COERCIVE ACTS: Passed by the British Parliament, several laws were composed in 1774 in response to colonial rebellion. The Boston Tea Party was the last straw leading to the passage of these harsh acts as measures against the colony of Massachusetts. The four measures passed were to serve as warnings to the rest of the colonies. They included the Boston Port Act, the Massachusetts Government Act, the Quartering Act, and the Administration of Justice Act. Americans united in sympathy for Massachusetts.

Boston Port Act: Parliament passed this act on April 1, 1774, as one of the Intolerable Acts; it ordered the U.S. navy to close Boston Harbor. Unless they paid for the ruined tea, the port would be subject to permanent closure. They imposed a deliberately short deadline to ensure that the harbor would close, which would lead to economic difficulties.

Quebec Act: Parliament passed this greatly detested law which established Roman-Catholicism as the official religion in Quebec, making Protestants angry. Also, Canada’s government was awarded an abundance of powers, but was in turn, given no legislature. The law also extended Quebec’s 1774 land claims, further angering colonists.

FIRST CONTINENTAL CONGRESS, 1774: The First Continental Congress convened in Philidelphia in September, 1774, to consider the situation resulting from the Intolerable Acts. They issued the Declaration of Rights and Grievances to George III, and called for the Continental Association, and agreement to boycott trade with Britain. committees of Safety were in charge of enforcing the Continental Association. Before it was adjourned, the delegates agreed to meet in May, 1775 if the situation still hadn’t been resolved.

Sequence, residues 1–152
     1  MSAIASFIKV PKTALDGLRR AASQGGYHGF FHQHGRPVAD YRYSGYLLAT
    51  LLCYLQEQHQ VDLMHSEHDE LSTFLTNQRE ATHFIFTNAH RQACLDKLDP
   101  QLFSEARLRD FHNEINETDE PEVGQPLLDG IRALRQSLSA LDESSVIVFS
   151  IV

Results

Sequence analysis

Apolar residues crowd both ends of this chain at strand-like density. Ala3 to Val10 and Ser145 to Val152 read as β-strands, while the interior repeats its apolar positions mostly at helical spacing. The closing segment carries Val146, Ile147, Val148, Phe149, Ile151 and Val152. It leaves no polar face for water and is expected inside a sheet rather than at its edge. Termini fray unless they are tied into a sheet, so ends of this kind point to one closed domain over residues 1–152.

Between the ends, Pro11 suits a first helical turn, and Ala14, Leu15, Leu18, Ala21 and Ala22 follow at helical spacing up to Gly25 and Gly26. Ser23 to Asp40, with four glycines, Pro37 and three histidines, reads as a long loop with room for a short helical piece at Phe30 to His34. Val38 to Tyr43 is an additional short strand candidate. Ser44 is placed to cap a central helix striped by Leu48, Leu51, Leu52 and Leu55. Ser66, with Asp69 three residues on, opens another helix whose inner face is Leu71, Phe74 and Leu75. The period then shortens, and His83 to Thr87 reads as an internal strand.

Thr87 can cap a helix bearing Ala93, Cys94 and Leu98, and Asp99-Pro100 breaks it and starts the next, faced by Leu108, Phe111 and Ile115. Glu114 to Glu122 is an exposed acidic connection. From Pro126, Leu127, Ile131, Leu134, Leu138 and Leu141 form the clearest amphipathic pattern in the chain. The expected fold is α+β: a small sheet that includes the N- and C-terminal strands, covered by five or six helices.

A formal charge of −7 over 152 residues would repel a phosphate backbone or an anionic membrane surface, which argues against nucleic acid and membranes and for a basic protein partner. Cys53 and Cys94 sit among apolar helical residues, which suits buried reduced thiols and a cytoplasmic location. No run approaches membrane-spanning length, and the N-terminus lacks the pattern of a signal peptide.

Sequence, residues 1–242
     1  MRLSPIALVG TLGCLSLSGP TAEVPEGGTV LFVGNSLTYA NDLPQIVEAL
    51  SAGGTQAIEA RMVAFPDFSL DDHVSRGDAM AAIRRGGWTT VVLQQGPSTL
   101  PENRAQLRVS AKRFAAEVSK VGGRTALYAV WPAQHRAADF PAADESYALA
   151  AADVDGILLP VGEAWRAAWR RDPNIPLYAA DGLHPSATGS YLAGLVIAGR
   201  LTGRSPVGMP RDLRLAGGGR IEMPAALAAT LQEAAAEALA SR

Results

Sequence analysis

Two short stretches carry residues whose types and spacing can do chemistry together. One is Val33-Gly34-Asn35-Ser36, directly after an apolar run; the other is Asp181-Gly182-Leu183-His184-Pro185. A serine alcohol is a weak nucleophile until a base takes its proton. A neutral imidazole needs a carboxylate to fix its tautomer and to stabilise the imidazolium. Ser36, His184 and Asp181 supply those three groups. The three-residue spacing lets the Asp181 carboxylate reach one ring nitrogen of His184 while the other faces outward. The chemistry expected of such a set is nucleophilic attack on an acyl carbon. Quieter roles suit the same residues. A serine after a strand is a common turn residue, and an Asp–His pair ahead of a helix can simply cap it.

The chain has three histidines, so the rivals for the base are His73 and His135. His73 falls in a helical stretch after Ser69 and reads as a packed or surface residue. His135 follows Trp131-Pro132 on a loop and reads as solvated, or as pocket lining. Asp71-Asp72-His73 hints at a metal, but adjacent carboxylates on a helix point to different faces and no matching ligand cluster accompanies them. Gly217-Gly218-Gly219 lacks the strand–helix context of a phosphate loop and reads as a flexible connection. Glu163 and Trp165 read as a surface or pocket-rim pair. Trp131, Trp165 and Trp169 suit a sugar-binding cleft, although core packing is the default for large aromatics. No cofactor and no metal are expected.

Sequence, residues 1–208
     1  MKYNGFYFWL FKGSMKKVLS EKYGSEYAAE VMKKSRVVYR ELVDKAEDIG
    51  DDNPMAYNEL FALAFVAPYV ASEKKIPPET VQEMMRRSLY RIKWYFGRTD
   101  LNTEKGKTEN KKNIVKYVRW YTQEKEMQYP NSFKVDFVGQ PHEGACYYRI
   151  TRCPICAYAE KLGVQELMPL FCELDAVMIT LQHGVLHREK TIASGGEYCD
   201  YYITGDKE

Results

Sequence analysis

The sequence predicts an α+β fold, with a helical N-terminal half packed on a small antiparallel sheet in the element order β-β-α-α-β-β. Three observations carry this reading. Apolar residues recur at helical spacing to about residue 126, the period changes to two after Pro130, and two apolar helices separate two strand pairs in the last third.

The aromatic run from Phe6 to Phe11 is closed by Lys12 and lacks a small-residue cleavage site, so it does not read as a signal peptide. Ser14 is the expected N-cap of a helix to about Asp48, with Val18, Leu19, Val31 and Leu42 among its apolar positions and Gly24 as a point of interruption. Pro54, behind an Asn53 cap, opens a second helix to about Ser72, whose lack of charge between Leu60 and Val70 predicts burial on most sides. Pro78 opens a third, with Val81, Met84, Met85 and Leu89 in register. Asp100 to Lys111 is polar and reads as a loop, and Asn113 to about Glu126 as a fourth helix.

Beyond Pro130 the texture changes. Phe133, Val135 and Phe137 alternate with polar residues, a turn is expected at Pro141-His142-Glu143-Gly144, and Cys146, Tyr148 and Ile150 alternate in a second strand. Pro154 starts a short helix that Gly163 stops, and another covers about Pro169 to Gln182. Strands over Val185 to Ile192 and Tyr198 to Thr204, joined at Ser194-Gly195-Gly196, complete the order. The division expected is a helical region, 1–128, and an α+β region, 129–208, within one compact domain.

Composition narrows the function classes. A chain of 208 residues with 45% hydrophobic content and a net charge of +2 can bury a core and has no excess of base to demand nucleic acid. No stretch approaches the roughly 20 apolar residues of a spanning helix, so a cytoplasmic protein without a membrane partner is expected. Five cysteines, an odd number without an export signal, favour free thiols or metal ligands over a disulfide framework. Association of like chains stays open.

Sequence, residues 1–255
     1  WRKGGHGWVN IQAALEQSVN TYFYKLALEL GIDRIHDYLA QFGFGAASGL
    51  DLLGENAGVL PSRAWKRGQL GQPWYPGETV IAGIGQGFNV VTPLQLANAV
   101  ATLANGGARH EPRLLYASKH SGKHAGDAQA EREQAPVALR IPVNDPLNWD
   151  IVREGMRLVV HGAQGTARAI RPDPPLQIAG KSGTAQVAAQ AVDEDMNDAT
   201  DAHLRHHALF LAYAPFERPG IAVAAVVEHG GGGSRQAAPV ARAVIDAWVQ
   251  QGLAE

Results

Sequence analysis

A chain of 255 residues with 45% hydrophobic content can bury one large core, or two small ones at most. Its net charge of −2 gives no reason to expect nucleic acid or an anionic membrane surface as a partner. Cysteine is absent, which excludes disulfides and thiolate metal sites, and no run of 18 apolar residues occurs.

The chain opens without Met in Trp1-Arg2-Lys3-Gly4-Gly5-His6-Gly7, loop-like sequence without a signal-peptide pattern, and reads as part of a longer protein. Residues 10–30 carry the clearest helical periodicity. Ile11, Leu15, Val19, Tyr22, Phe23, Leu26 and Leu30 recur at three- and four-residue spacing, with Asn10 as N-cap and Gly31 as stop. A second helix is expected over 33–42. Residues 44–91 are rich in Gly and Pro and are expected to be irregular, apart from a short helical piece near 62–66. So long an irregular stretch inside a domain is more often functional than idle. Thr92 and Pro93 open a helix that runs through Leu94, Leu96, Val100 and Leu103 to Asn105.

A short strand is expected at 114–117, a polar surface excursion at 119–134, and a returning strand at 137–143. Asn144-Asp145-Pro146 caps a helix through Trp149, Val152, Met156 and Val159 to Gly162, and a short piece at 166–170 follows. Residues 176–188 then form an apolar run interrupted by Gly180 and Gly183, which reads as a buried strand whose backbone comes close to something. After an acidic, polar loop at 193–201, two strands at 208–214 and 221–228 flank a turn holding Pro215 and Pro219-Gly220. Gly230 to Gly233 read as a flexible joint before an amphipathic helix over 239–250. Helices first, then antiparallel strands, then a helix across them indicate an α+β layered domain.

LEXINGTON AND CONCORD, APRIL 19, 1775: American Captain John Parker and seventy Minutemen waited for the British at Lexington, on April 19. A British officer ordered the Minutemen to lay down their arms, but a shot from an unknown source was fired. The British then opened fire and charged. Afterwards, the British continued on the Concord only to find that almost all of the weapons and supplies had been moved. While retreating to Boston, they were fired on by Minutemen from local cities.

Paul Revere, William Dawes: Seven hundred British troops, on the night of April 18, 1775, were sent to find and destroy a cache of colonial weapons and supplies at Concord. However, they were detected by Americans, and news was dispatched throughout the countryside by Paul Revere and William Dawes.

SECOND CONTINENTAL CONGRESS: The Second Continental Congress convened in Philadelphia on May 10, 1775. They drew up the Olive Branch Petition, which begged George III to restore peace, and adopted a Declaration of the Causes and Necessity for Taking up Arms. Congress was divided into two main factions: the delegates that were ready to go to war and declare independence, and those that weren’t ready to go that far. The Second Continental Congress later evolved into the revolutionary government.

Olive Branch Petition: The Second Continental Congress issued this petition to King George III on July 5, pleading with him to intercede with Parliament to restore peace. After he ignored it, he issued a Prohibitory act, which declared all colonies in a state of rebellion no longer under his protection. Thus, Americans prepared for an all out war with Britain.